It is one subject that interests me, because of the total lack of charity on the part of those who falsely judge the others when even the scriptures expressly forbid us from doing so. Those who lack opportunities today often accuse those who do, and when tomorrow comes, they act worse than their former oppressors. If in doubt, please read Paulo Freire’s Pedagogy of the Oppressed. The oppressed have only one dream in life – to become the oppressor one day. He lives every day of his life watching his oppressor, and like a true carpetbagger, he’s busy rehearsing what he’ll do when his time comes, when he arrives big time and in grand style.
That is the reason most emergency millionaires in Nigeria rush back to their villages to erect that 50-bedroom mansion, one-in-town which he does not need, in which he lives in only at Christmas and is of no economic value to himself or his impoverished community. Yet the reporter who reports the housewarming is pounced upon by a segment of the hapless society as promoting fraudsters and looters, when the accuser himself attended, and attends, such events with professional competence to partake in the free orgy of wining and dining that usually takes place.
The reporter who shakes hands with a governor or minister, has suddenly become transfigured, and is now a looter and an oppressor. This is far from the truth. The writer or journalist must have access before he can do his job well. Larry King regularly boasts on CNN of having interviewed 40,000 newsmakers, and still counting. Wolf Blitzer gets access to the high and mighty. Oprah Winfrey puts her picture on the cover of her own magazine every month. Those who hate her face or guts, are free not to buy it. Richard Branson is not your regular entrepreneur. He indulges regularly in many dangerous adventures and models in most of the Virgin Group adverts. He’s lucky not to have come from a part of the world where success is rabidly hated and any form of pleasure is considered an act so deplorable.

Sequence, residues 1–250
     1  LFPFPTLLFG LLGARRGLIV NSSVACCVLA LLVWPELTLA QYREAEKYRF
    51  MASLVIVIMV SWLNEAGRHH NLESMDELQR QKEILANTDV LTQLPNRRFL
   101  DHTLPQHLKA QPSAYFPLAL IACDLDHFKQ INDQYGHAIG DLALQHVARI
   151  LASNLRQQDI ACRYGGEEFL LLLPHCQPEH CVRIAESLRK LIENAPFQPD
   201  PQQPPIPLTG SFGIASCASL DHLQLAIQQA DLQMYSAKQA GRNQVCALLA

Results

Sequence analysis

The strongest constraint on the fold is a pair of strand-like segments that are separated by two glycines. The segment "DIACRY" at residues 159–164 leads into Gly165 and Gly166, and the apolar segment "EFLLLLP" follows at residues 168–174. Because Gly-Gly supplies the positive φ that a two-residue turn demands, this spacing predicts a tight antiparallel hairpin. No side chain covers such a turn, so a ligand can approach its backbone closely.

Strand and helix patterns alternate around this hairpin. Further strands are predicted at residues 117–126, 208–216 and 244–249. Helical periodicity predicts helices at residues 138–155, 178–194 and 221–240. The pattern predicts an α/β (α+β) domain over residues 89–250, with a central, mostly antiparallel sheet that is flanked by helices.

Richard Quest lies down on the flat bed of the new Airbus 380 and flies from one country to the other in super luxury to show the CNN Traveller what awaits him in different destinations. He’s merely doing his job and no one sees him as showing off in any manner. Those are the great privileges provided for him by his job. It is a dream job, but not a job to be envied. Modern journalism and indeed modern life, allows for new creativity. Showbiz thrives on hype. Even banking is no longer a conservative profession.